Is it possible to do your supermarket shopping using a bicycle? Supermarkets in Scotland tend to be visited mainly by people using cars. The entire concept- filling a trolley with bulk purchases, the location of the shop and the large car park- is based on car ownership. Supermarkets do provide cycle racks and people do use bicycles for their shopping. I have been doing supermarket shopping for 2 adults and a child using my bicycle and this blog shares my thoughts about the experience.
How I transport shopping on a bicycle
I have two rear panniers on my bike and a backpack and this is sufficient to carry what I buy in the supermarket. It does not have the same capacity as a car which means I don't do a weekly shop, but visit the shop once every 2 or 3 days. Personally, this works out well because with a weekly shop you really need a big fridge and I have a small one. I also find that some of the fresher items do not last that well if you do a weekly shop. And it means more frequent exercise for me if I am doing it once every couple of days instead of once a week. The reduced capacity of my bike helps to control my spending and forces me to only get what I need and not succumb to temptation!
How I get to the supermarket
This is the main thing I wanted to write about in this blog. Each time that I do a supermarket trip by bicycle it always makes me think about how urban planning has made us so dependent on cars for short journeys.
I live in Colinton in Edinburgh and my nearest supermarket, Tesco, is a 9 minute cycle ride . That's really not far, so this should be a journey that anybody with a bicycle should be able to do. Right?
The problem is that there is no cycling infrastructure, no separated bike lanes and no painted bike lanes. It means that a person using a bike has to travel on some busy roads and be confident cycling in traffic. Part of the route is through some quiet roads in a housing estate where there is no traffic. However, to get to the quiet section you have to go on a busier road first. And this is why whenever I arrive at the supermarket I am the only one using the cycle racks or there is sometimes one or two other bikes there, but never more than that. This Tesco is hemmed in by roads that see a significant volume of traffic, probably a similar situation to many supermarkets in urban areas.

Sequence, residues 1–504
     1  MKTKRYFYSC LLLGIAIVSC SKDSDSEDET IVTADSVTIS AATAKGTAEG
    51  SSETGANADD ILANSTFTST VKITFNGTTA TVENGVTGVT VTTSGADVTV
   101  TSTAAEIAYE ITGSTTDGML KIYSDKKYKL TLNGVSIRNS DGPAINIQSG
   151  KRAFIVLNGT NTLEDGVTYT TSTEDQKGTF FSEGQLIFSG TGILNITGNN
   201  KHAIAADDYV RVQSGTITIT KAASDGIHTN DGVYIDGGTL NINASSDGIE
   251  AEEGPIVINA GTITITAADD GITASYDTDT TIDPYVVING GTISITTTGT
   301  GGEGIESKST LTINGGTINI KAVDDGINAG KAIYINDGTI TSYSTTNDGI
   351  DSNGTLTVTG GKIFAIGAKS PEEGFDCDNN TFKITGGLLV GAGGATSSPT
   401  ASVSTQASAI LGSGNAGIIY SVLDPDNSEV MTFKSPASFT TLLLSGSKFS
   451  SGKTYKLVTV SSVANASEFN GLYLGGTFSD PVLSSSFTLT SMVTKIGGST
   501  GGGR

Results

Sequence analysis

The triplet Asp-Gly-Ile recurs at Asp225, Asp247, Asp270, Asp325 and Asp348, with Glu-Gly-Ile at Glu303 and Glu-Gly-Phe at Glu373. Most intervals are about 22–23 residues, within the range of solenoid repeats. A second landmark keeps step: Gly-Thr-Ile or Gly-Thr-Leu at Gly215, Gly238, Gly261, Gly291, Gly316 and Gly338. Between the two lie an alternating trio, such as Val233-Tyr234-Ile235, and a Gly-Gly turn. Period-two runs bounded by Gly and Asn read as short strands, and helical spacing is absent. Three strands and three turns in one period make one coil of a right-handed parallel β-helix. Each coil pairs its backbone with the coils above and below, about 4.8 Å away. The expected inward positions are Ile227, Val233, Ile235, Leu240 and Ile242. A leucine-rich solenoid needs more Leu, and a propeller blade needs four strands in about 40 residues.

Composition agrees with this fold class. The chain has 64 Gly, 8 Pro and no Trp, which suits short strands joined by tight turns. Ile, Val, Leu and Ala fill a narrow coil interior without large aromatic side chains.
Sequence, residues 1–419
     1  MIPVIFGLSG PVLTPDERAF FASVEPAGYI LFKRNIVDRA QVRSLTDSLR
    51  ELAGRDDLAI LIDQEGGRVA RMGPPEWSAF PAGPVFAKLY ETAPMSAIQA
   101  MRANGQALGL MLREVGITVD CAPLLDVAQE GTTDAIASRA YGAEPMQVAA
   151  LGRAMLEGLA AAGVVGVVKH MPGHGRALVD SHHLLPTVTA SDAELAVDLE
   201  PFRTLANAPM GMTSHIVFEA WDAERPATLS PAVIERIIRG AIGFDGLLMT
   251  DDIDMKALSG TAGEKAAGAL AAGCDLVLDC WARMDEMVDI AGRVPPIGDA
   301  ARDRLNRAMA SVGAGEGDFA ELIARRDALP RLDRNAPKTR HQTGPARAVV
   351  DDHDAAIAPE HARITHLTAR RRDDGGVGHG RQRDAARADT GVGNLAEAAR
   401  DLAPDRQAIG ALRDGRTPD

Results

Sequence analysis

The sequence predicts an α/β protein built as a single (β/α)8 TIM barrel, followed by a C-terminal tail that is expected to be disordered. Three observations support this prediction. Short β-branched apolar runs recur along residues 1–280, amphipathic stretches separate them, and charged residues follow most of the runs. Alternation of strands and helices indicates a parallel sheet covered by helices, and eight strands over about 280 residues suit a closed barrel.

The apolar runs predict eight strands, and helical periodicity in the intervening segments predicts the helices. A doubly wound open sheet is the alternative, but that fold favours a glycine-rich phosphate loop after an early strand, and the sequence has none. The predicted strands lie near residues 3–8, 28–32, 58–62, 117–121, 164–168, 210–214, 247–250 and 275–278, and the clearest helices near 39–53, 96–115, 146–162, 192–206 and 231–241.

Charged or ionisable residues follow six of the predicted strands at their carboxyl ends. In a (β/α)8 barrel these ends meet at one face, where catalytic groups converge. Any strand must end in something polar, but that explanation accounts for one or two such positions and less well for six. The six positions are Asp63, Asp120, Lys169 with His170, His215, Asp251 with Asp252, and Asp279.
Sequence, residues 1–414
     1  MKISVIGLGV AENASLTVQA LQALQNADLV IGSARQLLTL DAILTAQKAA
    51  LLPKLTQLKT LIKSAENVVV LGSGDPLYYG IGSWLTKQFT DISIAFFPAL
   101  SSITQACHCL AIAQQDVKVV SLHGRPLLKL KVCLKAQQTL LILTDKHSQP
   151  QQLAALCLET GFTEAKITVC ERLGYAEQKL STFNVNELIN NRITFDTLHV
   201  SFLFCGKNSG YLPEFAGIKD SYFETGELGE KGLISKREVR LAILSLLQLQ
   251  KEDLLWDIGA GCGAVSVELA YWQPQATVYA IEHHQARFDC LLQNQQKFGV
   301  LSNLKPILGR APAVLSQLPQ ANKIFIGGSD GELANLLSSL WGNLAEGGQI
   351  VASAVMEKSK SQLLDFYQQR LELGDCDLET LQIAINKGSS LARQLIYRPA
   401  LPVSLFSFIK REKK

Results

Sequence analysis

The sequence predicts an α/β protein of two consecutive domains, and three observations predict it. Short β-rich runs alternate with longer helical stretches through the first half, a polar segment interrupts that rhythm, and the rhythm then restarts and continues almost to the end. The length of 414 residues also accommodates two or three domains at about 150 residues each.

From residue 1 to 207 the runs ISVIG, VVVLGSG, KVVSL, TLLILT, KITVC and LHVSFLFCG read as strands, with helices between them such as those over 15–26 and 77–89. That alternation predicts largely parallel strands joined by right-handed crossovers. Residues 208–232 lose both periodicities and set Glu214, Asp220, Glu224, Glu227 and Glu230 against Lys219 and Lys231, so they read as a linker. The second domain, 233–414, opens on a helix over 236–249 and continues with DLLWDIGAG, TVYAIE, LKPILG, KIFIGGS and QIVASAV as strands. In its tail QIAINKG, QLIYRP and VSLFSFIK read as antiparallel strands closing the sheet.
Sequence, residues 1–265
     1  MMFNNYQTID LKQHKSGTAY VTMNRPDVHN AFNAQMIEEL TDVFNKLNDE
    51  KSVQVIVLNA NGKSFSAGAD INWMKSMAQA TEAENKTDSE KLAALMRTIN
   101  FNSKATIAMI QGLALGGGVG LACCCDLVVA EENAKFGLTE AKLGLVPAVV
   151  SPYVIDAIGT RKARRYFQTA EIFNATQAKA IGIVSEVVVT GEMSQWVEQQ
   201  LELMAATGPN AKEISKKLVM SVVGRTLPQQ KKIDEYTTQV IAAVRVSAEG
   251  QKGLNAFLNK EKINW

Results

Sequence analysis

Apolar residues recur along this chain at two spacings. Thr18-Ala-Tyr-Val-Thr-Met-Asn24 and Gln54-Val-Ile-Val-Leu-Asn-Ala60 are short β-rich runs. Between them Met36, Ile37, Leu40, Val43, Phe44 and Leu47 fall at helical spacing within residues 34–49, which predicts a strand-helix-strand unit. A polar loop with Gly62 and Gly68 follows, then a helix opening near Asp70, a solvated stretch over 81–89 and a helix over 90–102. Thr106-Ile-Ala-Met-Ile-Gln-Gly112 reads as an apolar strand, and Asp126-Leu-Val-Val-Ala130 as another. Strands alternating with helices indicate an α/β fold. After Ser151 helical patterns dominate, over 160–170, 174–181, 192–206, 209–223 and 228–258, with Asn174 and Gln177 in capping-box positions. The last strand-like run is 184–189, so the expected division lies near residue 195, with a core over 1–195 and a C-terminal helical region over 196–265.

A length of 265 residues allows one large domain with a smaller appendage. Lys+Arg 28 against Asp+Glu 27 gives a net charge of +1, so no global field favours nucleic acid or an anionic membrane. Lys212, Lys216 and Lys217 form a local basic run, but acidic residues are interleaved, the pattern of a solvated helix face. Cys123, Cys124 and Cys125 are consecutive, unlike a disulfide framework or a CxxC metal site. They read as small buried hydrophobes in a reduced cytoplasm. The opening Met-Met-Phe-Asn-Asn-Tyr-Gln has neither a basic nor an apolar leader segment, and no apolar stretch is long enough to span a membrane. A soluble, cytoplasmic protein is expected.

For most people the prospect of cycling on these busy roads to get their shopping is frightening, so they will use a car. There will be people who would like to go to this supermarket by bike, but if they do not feel safe they are not going to do it.
Do you need a car to get a pint of milk?
Here is another observation about this situation. Walking to this supermarket takes 25 minutes, so if someone just needs one or two things, like a pint of milk, they probably are not going to walk. We already know that not many people use a bike to get to this supermarket, which means that there are lots and lots of short car journeys being taken to reach it. It's not the fault of the people using the cars, urban planning has left them with no choice. It's not practical to walk 25 minutes to the supermarket each time you need something and cycling, if you don't feel safe on the road, is not an option. Okay, there are small convenience shops that you can walk to for things like milk, but not every location has one within reasonable walking distance and they don't stock everything that you need, so the only alternative is to travel to the supermarket.